Review: Mockingbird

By Kathryn Erskine
Penguin Young Readers
April 2010

Here’s the blurb from the publisher:

In Caitlin’s world, everything is black or white. Things are good or bad. Anything in between is confusing. That’s the stuff Caitlin’s older brother, Devon, has always explained. But now Devon’s dead and Dad is no help at all. Caitlin wants to get over it, but as an eleven-year-old girl with Asperger’s, she doesn’t know how. When she reads the definition of closure, she realizes that is what she needs. In her search for it, Caitlin discovers that not everything is black and white—the world is full of colors—messy and beautiful.

The Short of It:

Mockingbird is at once heartbreaking, sad and hopeful. It takes you by the hand, leads you down the path of love and loss and never lets you go.

The Rest of It:

Mockingbird is a special, little book. After Caitlin’s older brother Devon is killed in a school shooting, Caitlin and her father struggle to make it through their grief but they are constantly reminded of Devon and can’t seem to find closure. If that isn’t difficult enough, Caitlin suffers from Asperger’s Syndrome so what she sees is often black or white and nothing in between. What makes this story so special is that it’s told  from Caitlin’s point of view. This means that when she feels overly anxious about loud noises or finds herself unable to read someone’s expression, we hear or see it from her perspective.

When I first picked this book up, I found it a tad hard to follow. Caitlin’s thought patterns are a bit jumbled and it takes a little bit of time to find the rhythm in her words, but when you do, you can’t help but feel her pain. She loved her brother. He was the only one in the family that “got” her. He anticipated her needs and without him around, she is forced to reassess how she communicates with others.

Here is a quote from page 21 which is where she wants to enter Devon’s room even though she’s been told not to:

I wish I could go in and say Devon, I’m hungry, and he’d grin and his dimples would show and he’d say, You and me both, and we’d go find Dad and order a pizza because it’s Thursday and we’d eat warm drippy extra cheese pizza in front of Wheel of Fortune and Jeopardy.

The other thing to note, is that all the dialogue is italicized. I got used to it and it did not detract from the story at all. Seeing things from Caitlin’s point of view was an incredibly powerful experience. This book is geared towards young adults but I think anyone reading it will be drawn to Caitlin. In one sense she is terribly complex but at the core, she is like any other eleven-year-old. She wants to be understood, she wants to fit in and she yearns for friends like any other kid her age.

Mockingbird is a quick but important read and if you’re wondering if there is a connection between this book and To Kill a Mockingbird, there is, but you’ll have to read the book to find out what it is.

Mockingbird comes out on April 15th but you can pre-order it now.

Source: This ARC was sent to me by the publisher via Shelf Awareness.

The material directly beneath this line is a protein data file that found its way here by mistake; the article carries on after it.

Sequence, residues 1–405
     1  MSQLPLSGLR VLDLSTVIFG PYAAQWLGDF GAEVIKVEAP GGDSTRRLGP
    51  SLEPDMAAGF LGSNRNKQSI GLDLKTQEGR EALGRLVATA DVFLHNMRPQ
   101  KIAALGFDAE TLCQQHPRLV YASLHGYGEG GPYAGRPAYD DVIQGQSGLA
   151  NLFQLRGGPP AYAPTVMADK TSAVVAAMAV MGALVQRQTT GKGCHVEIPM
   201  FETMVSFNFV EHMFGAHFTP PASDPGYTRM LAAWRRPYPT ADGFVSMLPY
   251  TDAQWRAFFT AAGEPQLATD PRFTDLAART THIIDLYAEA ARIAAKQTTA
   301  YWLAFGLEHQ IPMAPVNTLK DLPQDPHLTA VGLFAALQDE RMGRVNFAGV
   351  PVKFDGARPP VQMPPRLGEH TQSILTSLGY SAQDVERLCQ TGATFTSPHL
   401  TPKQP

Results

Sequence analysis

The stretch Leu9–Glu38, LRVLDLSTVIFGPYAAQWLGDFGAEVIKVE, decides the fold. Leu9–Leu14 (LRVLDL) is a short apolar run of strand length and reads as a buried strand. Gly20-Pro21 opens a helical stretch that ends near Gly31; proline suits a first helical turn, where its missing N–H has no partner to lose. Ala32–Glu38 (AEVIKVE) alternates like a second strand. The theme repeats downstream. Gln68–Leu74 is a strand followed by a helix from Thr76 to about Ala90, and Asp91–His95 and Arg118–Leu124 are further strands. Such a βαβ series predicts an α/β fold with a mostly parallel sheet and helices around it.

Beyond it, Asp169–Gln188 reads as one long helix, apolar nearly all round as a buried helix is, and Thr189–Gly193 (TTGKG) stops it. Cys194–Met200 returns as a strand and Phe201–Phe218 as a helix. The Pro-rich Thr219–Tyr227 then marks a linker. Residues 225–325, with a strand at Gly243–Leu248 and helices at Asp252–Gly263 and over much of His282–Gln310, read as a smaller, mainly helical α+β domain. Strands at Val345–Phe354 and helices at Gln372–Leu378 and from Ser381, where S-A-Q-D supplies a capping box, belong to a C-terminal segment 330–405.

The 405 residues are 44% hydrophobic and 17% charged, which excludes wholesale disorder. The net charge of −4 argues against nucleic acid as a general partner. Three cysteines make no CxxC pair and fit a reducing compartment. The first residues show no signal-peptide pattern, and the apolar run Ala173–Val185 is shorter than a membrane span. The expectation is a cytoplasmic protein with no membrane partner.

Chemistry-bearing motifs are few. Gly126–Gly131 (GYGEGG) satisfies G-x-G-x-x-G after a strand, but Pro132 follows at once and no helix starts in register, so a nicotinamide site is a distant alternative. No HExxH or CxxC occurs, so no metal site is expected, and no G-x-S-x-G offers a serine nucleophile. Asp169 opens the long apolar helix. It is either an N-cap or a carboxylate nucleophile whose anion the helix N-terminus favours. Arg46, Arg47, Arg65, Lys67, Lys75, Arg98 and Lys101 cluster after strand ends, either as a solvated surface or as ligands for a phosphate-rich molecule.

15 thoughts on “Review: Mockingbird”

  1. Ti, thanks for sharing about this book. I really enjoyed your review and am quite drawn to this book. I’ll be putting it on my wishlist and eagerly anticipating the publish date.

  2. I have noticed a number of books out recently that address Aspergers, and I think that is important. It is misunderstood. I’m drawn to this book even just by the title. Who doesn’t love To Kill a Mockingbird?

  3. It certainly seems that there is an increased awareness of Aspergers lately. In fact, after reading quite a few things about it, I recently came to realize that one of my son’s friends must have it. It definitely makes me rethink the way I’ve related to him. I might just need to pick this one up.

    1. I have a co-worker with Asperger’s and it explains a lot. It’s quite different than autism although it falls within that spectrum.

  4. I’ve wanted to read this book since I first heard about it. Asperger’s is often misunderstood and I think it’s wonderful to see it in fictional books to help others understand. I’m glad that you felt the reader could understand her perspectives. It seems like there are two challenging topics here with the shooting and Aspergers and I’m interested to see how they blend together.

  5. I found out about your review from Jenners of Find Your Next Book Here.

    As a mom of a son with Asperger’s, it’s a challenge everyday to decipher what he says, and what he means, if anything.

    Sometimes, he quotes movies – and if you dig deep enough and ask enough questions, he finally reveals what he is thinking.

    I just finished House Rules, by Jodi Picoult (another book about a child with Asperger’s) – I often felt like she was either inside my head, or inside my son’s head.

    She really did her research on the subject, and nailed the dialogue.

    I might just have to check out this book.

    Thanks for your review.

    1. Thank you for stopping by my blog to comment. I have a co-worker with Asperger’s and working with her requires me to re-assess how I communicate with her. I am glad that Asperger’s is getting some recognition because so often it’s lumped in with Autism and although it does fall into that spectrum, I understand that it’s quite different.

  6. Wow – this sounds like a really interesting read! I feel like I’ve already met Caitlin from your awesome review. The connection with To Kill a Mockingbird has definitely piqued my interest! I adore that novel! I’ll definitely have to check this one out. Thanks so much for reviewing it!

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